Nory and the Upside Down Magic (UDM) kids are back, still working to control their “wonky” talents. This time, not only are they practicing their magic in the classroom, but they also need to come up with an act for the annual variety show.
Pepper is learning that not only can she control her magic (scaring animals) for short bursts, but she can also use it to help people with pest problems. This discovery helps her make an unexpected friend.
Nory finds out the school variety show means her dad and her siblings are going to come to her school.Maybe if she can turn herself into an impressive and complicated animal, her dad will finally accept her and be proud of her.
I am a sucker for any book that expertly looks at the concept of identity. And this series does that! Each of the kids in the UDM class is working out his/her individual issues with magic. Identity is impacted by how their families and peers respond to their differences – and also by how the kids feel about themselves. The authors address these complex concepts in terrific age-appropriate ways.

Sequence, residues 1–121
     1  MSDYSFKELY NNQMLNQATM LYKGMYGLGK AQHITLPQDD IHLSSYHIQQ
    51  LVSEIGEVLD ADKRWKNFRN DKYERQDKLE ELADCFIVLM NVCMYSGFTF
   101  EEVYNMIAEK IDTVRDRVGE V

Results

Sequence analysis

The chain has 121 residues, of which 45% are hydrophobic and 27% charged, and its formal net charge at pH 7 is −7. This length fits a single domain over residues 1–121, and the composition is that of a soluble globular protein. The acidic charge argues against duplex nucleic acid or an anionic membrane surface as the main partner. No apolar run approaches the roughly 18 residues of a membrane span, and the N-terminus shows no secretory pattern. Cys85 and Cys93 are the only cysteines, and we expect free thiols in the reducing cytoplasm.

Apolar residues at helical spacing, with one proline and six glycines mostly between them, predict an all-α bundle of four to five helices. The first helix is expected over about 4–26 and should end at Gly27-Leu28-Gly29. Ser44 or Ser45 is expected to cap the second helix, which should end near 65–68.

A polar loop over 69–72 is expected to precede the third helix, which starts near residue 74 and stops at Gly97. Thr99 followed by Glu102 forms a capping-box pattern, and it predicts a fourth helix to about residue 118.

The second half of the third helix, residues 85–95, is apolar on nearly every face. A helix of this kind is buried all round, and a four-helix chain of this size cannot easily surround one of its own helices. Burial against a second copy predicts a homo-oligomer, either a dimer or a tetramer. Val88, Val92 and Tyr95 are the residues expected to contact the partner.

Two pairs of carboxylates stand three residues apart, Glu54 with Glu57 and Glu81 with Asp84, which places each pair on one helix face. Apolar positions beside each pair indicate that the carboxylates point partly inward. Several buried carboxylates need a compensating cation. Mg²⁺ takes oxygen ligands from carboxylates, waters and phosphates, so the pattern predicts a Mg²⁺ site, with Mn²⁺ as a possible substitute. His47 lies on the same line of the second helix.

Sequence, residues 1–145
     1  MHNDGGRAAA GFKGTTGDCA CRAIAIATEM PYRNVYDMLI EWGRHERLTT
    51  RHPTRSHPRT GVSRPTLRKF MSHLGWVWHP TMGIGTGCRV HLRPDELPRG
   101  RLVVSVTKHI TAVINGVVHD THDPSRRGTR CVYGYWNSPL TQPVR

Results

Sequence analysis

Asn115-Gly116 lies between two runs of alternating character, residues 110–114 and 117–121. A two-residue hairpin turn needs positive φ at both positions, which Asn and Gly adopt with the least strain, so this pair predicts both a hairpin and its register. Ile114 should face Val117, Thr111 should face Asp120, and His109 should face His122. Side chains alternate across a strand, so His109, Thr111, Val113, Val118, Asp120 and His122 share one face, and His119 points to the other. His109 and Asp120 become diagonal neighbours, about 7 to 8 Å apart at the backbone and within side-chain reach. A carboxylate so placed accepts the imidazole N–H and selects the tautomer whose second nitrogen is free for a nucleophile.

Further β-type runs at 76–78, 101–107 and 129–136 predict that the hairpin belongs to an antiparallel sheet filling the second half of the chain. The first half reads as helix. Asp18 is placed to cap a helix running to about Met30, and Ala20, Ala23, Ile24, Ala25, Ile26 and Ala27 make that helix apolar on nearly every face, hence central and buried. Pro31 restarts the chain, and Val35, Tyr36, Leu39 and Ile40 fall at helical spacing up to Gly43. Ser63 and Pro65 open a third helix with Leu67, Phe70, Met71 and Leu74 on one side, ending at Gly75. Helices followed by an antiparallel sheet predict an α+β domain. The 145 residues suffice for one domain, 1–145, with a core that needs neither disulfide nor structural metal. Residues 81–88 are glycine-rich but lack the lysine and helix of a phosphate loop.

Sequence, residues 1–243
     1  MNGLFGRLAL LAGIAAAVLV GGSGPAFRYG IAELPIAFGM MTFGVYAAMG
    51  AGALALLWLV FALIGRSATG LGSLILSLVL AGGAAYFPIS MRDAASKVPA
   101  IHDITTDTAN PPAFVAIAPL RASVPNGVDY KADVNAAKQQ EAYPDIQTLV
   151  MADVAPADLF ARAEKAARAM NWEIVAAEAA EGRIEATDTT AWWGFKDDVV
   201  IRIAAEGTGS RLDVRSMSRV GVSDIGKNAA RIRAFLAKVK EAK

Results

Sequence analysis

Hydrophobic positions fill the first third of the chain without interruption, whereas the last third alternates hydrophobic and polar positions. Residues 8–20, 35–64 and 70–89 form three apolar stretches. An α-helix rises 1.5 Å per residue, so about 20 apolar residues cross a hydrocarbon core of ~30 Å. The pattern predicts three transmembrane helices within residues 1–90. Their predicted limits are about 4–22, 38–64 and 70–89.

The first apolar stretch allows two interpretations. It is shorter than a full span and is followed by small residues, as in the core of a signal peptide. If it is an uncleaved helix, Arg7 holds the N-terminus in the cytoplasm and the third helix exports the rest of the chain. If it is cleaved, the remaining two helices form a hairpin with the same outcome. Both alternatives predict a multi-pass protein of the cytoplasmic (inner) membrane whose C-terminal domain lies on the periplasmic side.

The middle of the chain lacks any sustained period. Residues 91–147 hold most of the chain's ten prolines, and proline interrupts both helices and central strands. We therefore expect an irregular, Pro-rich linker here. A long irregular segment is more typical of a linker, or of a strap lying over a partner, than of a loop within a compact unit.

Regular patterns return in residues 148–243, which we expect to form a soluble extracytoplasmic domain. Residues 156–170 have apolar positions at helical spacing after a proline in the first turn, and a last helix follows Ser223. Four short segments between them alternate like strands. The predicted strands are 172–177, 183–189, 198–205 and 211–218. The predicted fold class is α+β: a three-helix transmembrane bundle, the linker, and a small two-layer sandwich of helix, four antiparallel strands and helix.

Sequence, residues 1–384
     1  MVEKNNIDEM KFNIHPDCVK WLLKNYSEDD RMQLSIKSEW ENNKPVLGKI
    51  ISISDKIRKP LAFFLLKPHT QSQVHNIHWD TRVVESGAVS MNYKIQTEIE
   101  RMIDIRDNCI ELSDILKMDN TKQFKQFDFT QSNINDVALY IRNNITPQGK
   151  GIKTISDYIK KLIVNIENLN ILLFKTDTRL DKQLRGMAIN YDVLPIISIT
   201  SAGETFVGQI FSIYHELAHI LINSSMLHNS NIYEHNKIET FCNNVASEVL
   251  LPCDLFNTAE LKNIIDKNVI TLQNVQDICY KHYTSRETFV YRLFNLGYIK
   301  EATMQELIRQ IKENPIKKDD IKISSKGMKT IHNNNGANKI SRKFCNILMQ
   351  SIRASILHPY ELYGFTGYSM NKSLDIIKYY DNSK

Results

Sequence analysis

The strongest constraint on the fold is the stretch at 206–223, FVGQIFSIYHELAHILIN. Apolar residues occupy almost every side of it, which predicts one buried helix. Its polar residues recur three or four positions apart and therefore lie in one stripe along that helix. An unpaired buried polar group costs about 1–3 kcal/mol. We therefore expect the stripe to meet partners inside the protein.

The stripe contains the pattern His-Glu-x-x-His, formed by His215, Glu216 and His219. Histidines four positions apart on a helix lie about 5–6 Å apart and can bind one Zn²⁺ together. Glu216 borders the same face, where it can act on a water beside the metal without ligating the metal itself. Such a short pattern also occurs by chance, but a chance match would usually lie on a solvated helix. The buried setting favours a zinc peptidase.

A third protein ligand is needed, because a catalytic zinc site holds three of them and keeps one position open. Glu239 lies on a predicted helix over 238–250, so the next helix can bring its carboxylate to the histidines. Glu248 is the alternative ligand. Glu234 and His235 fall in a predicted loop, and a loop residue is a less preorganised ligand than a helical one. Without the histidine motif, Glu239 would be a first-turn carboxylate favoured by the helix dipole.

I have talked with some parents in the past who are reluctant to have their kids read books with magic. I get where they are coming from, and I’m glad they are engaged with what their kids are reading! With this series – like many other favorites of mine, the magic is a plot device. It puts the kids in an unusual setting. It gives them out-of-the-ordinary problems to solve. I think that helps readers put themselves in the story more easily. They don’t know ANYONE who can turn themselves into a kitten, much less a kid who tries and gets it wrong. But they can imagine! What would it be like to do something amazing like that? How would it feel to get it wrong over and over? How would it feel to have your parent turn you away because you couldn’t get it right?
The books in this series (this is the third) are fairly short. They would make for terrific read-alouds at home or in the classroom. And I can only imagine how great the discussion could be afterwards as readers/listeners talk about identity, about failure, and about family. If you love this series, check out the other books by these three great authors – Sarah Mlynowski, Lauren Myracle and Emily Jenkins